As seen here, international sub sandwich chain Subway is attempting to trademark the term “footlong” in relation to sandwiches. The company issued a cease and desist letter to a Florida restaurant who was marketing their hot dogs as footlongs. I don’t really know how they expect people to market 12-inch sandwiches, if not as being a foot long. Luckily for the restaurant, Subway claimed their letter was a mistake, because hot dogs are not sandwiches. (For those unfamiliar with copyright law, a word or phrase trademarked in one market can still be used legally in another noncompetitive market.)
We’ve had this discussion before, and the general consensus was that hot dogs should not be considered sandwiches. However, I do think it’s a bit of a stretch to say that hot dogs are not close enough to sandwiches to be considered a competitor. Overall, I think this whole plan is ludicrous. “Footlong” is a descriptor, denoting a sandwich which is twelve inches in length. Are they going to try to copyright “sub” or “fresh” next?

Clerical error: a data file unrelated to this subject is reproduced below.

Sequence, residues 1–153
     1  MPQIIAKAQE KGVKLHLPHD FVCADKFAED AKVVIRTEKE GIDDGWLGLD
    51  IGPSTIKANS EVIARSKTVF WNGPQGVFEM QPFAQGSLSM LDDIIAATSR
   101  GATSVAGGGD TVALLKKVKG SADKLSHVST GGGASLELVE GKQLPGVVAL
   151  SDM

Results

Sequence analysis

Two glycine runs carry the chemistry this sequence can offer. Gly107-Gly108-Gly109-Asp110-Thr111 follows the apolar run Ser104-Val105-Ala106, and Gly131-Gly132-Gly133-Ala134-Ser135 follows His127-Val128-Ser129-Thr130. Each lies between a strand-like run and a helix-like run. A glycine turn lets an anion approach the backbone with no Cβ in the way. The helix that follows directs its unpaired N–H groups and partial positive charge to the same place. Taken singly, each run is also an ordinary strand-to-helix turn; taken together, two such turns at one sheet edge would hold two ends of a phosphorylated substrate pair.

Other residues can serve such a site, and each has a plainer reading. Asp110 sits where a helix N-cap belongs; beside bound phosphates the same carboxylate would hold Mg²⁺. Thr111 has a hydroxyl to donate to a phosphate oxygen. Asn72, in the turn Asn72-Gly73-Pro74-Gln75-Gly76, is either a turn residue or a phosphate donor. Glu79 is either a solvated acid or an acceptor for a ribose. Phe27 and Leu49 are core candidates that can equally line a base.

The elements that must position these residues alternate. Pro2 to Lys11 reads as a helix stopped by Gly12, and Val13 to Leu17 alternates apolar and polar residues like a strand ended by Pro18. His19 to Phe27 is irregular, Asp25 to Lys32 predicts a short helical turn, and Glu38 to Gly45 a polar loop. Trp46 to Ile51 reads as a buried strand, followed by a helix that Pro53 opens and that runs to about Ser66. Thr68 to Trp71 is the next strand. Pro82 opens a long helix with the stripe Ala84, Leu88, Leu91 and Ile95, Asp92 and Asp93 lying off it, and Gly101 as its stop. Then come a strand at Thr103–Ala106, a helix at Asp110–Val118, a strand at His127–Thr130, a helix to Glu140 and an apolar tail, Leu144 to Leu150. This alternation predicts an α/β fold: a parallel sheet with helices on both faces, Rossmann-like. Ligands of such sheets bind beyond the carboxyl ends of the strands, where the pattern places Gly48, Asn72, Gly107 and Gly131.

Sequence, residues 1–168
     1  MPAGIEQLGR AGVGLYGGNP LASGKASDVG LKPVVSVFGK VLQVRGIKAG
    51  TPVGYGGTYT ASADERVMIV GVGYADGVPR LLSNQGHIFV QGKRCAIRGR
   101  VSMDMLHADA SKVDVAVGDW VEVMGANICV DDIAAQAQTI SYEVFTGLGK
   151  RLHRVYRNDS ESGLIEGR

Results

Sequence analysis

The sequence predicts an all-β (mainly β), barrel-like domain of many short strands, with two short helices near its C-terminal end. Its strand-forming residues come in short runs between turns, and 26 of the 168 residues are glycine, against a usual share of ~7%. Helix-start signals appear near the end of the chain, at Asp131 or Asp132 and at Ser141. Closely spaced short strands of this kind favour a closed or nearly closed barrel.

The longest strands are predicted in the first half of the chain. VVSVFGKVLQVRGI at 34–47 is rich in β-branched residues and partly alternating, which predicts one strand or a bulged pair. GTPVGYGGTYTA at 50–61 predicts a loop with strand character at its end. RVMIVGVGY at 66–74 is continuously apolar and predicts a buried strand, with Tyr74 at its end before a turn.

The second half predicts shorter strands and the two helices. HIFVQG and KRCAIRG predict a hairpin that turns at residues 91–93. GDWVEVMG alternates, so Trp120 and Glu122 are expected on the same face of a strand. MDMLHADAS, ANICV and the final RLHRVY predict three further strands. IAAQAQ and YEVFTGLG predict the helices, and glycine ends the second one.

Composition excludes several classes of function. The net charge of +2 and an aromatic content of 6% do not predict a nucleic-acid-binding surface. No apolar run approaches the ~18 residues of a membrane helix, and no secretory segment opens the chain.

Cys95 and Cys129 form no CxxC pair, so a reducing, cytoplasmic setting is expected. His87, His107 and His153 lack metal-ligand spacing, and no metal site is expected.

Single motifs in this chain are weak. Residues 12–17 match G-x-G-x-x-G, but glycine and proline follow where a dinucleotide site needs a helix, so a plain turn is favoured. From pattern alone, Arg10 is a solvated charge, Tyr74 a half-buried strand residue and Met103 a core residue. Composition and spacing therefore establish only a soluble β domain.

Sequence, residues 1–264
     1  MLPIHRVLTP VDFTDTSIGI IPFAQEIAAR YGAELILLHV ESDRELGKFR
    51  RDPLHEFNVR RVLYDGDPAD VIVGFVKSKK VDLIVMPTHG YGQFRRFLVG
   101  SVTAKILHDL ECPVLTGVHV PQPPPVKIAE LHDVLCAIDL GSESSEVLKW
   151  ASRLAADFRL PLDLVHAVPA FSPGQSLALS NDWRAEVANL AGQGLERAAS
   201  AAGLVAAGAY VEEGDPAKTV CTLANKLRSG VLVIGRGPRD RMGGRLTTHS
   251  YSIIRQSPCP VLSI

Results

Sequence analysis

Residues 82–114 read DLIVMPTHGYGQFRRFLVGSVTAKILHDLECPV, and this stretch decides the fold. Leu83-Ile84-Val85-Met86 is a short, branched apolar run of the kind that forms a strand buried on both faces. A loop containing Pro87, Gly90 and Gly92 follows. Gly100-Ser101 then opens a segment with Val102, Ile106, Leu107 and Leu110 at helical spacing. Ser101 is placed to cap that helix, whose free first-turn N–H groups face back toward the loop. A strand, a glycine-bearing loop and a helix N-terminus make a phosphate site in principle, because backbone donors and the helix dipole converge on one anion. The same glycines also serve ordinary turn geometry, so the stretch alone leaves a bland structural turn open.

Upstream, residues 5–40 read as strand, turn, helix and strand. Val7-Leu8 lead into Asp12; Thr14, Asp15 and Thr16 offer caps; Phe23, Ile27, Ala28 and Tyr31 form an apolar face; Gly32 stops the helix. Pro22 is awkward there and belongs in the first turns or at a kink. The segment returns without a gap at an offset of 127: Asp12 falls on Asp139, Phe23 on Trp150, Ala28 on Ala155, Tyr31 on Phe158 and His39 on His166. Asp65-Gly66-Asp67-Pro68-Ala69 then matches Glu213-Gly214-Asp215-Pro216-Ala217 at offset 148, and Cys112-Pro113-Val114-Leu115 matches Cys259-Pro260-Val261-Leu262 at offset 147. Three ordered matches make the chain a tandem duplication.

While we’re talking about what is and isn’t a sandwich, I wanted to mention that this makes 50 posts on Sandwichtalk, which was the minimum I set for myself before I opened the blog up to gyros, wrap sandwiches, burritos, etc. I’d like some of you guys’ imput on this. I still plan on reviewing a ton more sandwiches (Potbelly’s, Penn Station Subs, etc.), but these other pseudosandwiches would be mixed in as well. Please comment to let me know. Thanks!!
P.S. The one year anniversary of Sandwichtalk is June 12th. Mark your calendars.
February 25, 2010
This next review is an interesting one. Subway offers a sandwich called the Seafood Sensation, consisting of a blend of crab meat and Alaskan Pollack. Researching the sandwich, however, was no mean feat. The Seafood Sensation is not listed anywhere on Subway’s official website. As far as I know, all other sandwiches are on there, including “sub of the week” types. I was finally able to scrape together some information (including the ingredients) from a couple of international and franchise Subway sites. On a number of these, the Seafood Sensation is referred to as a “regional or limited offer product.” Since I don’t frequent Subway all too often, I have no idea if this is a limited time offer, if the location I visited is unique in offering it, or what.